Microsoft’s Project Oxford helps developers build more intelligent apps

You’re a developer with a great idea for an exercise app.

In your ideal world, it would do all sorts of cool tricks, like identify individual users’ faces in photos or understand when a runner asks it to start and stop tracking a run.

But those sophisticated features are only possible with the kind of advanced machine learning that you don’t have the time or resources to do on your own.

“These are all things that people don’t really want to worry about when they are building their app,” said Meenaz Merchant, a principal program manager with Microsoft’s Bing Experiences team.

Earlier this week, at its Build 2015 developers’ conference in San Francisco, Microsoft offered up a solution. It released a set of technologies dubbed Project Oxford that allows developers to create smarter apps, which can do things like recognize faces and interpret natural language even if the app developers are not experts in those fields.

“If you are an app developer, you could just take the API capabilities and not worry about the machine learning aspect,” said Vijay Vokkaarne, a principal group program manager with Bing, whose team is working on the speech aspect of Project Oxford.

The series of services is currently available for limited free usage in beta.

The services also allow developers to automate tasks that would just be too costly and time-consuming for them to do by hand. For example, the visual aspect of the service can sort through thousands of user-submitted photos to identify which ones may contain racy or otherwise inappropriate content, or just identify photos of beach scenes. It could even group photos based on a dominant color scheme.

Doing that sort of thing on your own is “like finding a needle in a haystack,” Merchant noted.

The services also work across programming platforms and languages, from Windows and Windows Phone to iOS and Android. To try them out, a developer must have an account with Azure, Microsoft’s cloud computing platform.

Ryan Galgon, a senior program manager within Microsoft’s Technology and Research division, said the company is offering the services because it wants to share technologies with the developer community that it’s already creating for its own products and services.

Initially, Microsoft is offering the services in limited free beta, in part so it can get a better sense of how these services are being used.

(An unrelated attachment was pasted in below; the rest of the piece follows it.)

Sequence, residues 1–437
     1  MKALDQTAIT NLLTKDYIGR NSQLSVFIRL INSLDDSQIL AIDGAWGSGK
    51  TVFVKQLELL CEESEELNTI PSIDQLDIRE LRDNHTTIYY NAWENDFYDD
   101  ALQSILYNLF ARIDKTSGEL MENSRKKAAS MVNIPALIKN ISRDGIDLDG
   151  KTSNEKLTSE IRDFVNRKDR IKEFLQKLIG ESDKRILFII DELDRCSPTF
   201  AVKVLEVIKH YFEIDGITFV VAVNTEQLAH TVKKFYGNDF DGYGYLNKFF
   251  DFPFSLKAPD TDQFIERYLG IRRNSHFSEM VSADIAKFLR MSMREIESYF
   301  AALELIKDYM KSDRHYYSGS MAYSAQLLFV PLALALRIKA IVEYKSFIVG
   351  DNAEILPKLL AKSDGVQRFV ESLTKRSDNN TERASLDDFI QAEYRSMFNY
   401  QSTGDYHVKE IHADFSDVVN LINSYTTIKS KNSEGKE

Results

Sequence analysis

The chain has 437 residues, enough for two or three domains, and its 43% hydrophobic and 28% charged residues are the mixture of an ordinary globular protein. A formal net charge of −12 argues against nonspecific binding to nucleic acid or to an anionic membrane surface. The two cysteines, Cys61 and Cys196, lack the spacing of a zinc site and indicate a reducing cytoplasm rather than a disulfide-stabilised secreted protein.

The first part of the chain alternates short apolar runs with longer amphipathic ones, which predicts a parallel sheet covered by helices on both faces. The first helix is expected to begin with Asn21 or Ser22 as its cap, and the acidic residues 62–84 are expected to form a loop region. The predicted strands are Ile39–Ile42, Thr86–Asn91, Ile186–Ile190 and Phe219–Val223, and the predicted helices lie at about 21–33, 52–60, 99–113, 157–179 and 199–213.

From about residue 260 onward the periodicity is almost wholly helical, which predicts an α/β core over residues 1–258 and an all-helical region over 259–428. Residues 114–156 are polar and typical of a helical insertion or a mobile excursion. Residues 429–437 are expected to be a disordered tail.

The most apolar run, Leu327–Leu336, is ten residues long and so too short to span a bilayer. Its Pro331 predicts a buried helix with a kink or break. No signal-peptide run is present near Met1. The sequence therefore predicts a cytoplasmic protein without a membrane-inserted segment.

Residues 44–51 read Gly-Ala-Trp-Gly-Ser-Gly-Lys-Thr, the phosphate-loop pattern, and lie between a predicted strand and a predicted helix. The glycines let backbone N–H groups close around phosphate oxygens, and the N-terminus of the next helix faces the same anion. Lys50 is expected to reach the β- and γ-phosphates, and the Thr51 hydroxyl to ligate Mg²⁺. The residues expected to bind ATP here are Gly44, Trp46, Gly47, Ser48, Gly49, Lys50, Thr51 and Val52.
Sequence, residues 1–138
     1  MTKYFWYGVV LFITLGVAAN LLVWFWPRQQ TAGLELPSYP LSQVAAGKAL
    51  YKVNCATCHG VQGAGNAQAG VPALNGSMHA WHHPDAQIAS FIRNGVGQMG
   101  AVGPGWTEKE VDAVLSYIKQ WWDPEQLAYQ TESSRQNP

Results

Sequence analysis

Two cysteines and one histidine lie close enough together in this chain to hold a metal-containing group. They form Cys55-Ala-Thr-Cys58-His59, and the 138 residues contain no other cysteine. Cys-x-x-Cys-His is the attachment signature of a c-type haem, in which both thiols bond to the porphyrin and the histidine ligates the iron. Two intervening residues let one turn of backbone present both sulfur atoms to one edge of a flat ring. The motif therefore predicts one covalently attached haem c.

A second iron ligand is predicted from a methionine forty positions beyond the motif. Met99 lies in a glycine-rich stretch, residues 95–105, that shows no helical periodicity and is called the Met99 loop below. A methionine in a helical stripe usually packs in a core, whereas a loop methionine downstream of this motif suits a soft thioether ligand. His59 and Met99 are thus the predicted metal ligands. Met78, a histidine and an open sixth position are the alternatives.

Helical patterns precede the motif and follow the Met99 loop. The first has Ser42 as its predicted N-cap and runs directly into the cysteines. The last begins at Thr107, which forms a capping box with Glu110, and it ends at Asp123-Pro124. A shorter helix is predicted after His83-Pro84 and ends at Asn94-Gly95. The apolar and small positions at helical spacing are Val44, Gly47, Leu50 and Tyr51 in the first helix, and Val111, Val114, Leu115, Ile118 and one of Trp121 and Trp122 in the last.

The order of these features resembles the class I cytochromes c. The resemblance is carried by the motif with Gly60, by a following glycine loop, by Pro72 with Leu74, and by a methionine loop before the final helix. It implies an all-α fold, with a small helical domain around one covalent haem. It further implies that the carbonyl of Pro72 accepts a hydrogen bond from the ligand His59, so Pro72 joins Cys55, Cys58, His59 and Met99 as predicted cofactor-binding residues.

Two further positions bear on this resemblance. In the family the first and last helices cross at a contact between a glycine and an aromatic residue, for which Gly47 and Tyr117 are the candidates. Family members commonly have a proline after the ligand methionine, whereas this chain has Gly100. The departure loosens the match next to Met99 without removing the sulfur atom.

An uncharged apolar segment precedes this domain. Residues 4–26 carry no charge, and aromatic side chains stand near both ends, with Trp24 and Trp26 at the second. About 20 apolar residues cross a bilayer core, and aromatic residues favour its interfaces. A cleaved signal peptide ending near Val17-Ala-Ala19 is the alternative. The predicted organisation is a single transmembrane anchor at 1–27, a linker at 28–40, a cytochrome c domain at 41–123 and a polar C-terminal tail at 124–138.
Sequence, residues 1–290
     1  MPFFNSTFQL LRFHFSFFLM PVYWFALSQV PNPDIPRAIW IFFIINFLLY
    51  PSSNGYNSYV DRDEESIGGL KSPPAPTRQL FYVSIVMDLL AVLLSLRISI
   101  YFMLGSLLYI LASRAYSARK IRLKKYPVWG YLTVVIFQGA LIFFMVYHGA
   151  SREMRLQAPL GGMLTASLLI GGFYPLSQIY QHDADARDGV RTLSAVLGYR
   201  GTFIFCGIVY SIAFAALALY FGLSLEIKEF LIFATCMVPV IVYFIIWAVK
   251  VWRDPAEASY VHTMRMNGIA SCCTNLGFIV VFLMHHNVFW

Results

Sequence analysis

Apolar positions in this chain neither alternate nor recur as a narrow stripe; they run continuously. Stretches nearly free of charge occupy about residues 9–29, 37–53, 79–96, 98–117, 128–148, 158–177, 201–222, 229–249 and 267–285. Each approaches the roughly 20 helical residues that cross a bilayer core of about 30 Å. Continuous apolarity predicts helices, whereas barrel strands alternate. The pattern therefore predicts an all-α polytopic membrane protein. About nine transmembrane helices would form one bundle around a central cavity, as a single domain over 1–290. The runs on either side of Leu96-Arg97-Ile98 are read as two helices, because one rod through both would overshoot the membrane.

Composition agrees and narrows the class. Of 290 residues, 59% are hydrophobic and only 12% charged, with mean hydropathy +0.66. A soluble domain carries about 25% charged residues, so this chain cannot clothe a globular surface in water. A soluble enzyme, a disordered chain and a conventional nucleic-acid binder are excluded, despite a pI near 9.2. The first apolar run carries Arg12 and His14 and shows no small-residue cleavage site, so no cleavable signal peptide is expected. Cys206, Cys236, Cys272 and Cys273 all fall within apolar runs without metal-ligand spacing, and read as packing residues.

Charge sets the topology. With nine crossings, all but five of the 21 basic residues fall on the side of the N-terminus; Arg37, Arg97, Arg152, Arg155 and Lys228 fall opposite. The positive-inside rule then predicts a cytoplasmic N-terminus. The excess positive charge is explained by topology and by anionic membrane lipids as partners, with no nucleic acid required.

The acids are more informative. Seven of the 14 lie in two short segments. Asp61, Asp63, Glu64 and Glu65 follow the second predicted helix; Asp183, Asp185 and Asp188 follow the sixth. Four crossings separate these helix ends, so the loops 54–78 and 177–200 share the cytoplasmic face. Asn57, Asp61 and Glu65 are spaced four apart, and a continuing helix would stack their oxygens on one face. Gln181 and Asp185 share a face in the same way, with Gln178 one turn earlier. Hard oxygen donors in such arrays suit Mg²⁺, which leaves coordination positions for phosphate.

“We want to understand what developers need from these services,” Galgon said.

The new collection of machine learning offerings is being provided to developers as part of Microsoft’s Azure portfolio. Project Oxford currently includes four main components:

Face recognition: This technology automatically recognizes faces in photos, groups faces that look alike and verifies whether two faces are the same. It can be used for things like easily recognizing which users are in certain photos and allowing a user to log in using face authentication. It’s the same technology that is behind this fun new website that guesses how old a person looks based on a photograph.

Speech processing: This technology can recognize speech and translate it into text, and vice versa. A developer might use it for hands-free tools such as the ability to dictate text or to have an automated voice read out instructions or other necessary functions

Visual tools: This service can analyze visual content to look for things like inappropriate content or a dominant color scheme. It also can detect and understand text in photos, such as a team name, and can sort photos by content, such as pictures of beaches, animals or food. Finally, it can automatically edit photos down to a recognizable and useful thumbnail for easy scanning.

Language Understanding Intelligent Service (LUIS): This service, currently offered as an invite-only beta, enables applications to understand what users mean when they say or type something using natural, everyday language. Using machine learning, in which systems get better at predicting what the user wants based on experience, it then figures out what people want the app to do.

For example, in an exercise app the system might learn that when the user says “I want to start my run,” “begin a run” or even “go for a run,” it all means that it should begin tracking the person’s distance, and that the type of activity is a “run”. Similarly, language like “please stop my run,” “let’s pause this run” or “I’m done running” would all signal that the system should stop tracking.

The system is built on a relatively simple interface, so developers with a wide array of backgrounds can teach LUIS to learn what words signal which action. In addition, as people use an app, LUIS will learn to figure out what people mean when they say things like, “I can’t take it anymore. Please make this run end.”

Developers, if you’re interested in Project Oxford, you can give it a try right now. The speech, image and face recognition tools are available in beta form, and Project LUIS is invite-only for now.

Related content:

Project Oxford